The Russian Factor

All this talk about “the Russian Factor”.

I understand the concerns, but the idea that Nail Yakupov, Mikhail Grigorenko, or, my favourite Alex Galchenyuk are going to bolt the NHL for KHL fame and fortune is utter madness. There are a few more Russians, Anton Slepyshev, Danill Zharkov and Nikolai Prokhorkin, not to mention the Latvian Zemgus Girgensons, who may go in the first round or early second.

There is a lot of Eastern European talent stacked to the front of this draft. Moreso than, say, good Canadian forwards. Only two or three forwards born in Canada may go in the first round later tonight.

But is Yakupov at risk to go? Not really. Andrey Osadchenko, who posted this nice bit about legitimate Grigorenko concerns, told me in a text message that the KHL club that holds his rights, Neftekhimik, the one that is supposed to pay him all these millions, “showed little interest in him and barely is keeping itself away from bankruptcy.”

“Yakupov was their 3rd-liner in the juniors with no chance of being ever called up despite the fact that his dad runs their junior school.”

Nizhekamsk, the city that houses Neftekhimik, is a relatively small town in the Tartarstan region of Russia. The hockey team hasn’t had the funds to retain its key players, including Yakupov, who has stated several times that he wants to play with the Edmonton Oilers, or in Canada.

You’d think it’s a bit of a straw man argument, but Bob McKenzie said the following yesterday:

“It would be easy for us to sit here and say ‘tut tut, we should never talk about birth certificates’ and that it shouldn’t be done on nationality and it should be done on personality and what a player does on the ice. But the fact of the matter is if you talk to some National Hockey League general managers and more importantly chief scouts for National Hockey League teams they will tell you that…”

“Listen, there’s no fear that Nail Yakupov wants to be an Edmonton Oiler, and badly wants to be an Edmonton Oiler and the first overall pick right now, but what some people wonder about is what happens four or five years from now.”

That argument holds up if players drafted from four or five years before the creation of the KHL actually went over or not. I looked at players drafted between 2004 and 2006 in the first couple of rounds to see what happened with Canadian or Russian players four or five years down the line, prior to the roots of the KHL.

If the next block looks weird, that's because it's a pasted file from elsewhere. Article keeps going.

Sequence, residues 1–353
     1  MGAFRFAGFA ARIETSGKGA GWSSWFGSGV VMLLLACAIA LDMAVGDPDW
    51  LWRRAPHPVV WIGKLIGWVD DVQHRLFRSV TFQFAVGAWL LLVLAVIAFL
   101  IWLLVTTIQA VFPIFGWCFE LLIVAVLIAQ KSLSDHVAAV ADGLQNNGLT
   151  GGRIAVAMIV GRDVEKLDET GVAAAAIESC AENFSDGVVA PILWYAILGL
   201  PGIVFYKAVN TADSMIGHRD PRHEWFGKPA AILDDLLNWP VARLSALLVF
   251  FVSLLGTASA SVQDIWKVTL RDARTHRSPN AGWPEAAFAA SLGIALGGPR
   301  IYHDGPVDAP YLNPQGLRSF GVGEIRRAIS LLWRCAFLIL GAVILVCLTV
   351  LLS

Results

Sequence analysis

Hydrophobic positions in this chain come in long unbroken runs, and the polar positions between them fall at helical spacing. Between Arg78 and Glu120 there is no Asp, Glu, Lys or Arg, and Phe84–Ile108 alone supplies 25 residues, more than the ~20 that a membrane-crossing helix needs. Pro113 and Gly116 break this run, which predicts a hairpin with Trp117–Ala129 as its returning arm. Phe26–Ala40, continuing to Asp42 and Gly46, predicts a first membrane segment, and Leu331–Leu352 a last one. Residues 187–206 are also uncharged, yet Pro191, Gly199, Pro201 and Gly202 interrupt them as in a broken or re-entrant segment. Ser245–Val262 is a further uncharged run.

As it happens, the average Russian taken in the first two rounds in those years has actually played more games than the average Canadian: 217 to 200. For every first round Russian-born player that “defected” to the KHL in that span, there have been two Russians who have won a Hart Trophy.

Two Russians, Roman Tesliuk and Ivan Vishnevskiy, were both Canadian Major Junior players who left, unable to crack an NHL lineup. The talent in these players isn’t especially prominent: Enver Lisin, while the ones who were good, Nikolay Kulemin, Semyon Varlamov, all decided to stay.

Basically, you’re way more likely to be screwed over by taking a player who isn’t very good as opposed to one who is Russian. Or a defenceman. Say, Andy Rogers or Alex Bourret, whatever happened to either of them?

The average defenceman taken in these years has played 100 games on average. Russians have seen twice as much NHL action than highly-ranked defencemen. So when asking whether the safe pick in this draft is Nail Yakupov or Ryan Murray, keep this all in mind.

There have been a lot more young Canadian players drafted who have bolted to the American Hockey League than Russians have gone to the KHL. Figuring out who stays and who goes on a case-by-case basis is probably a lot safer than writing off an entire nation of people just based on their birth certificates. Especially the ones who left their home country, friends and family to live the years of their youth in a foreign nation on the other side of the world.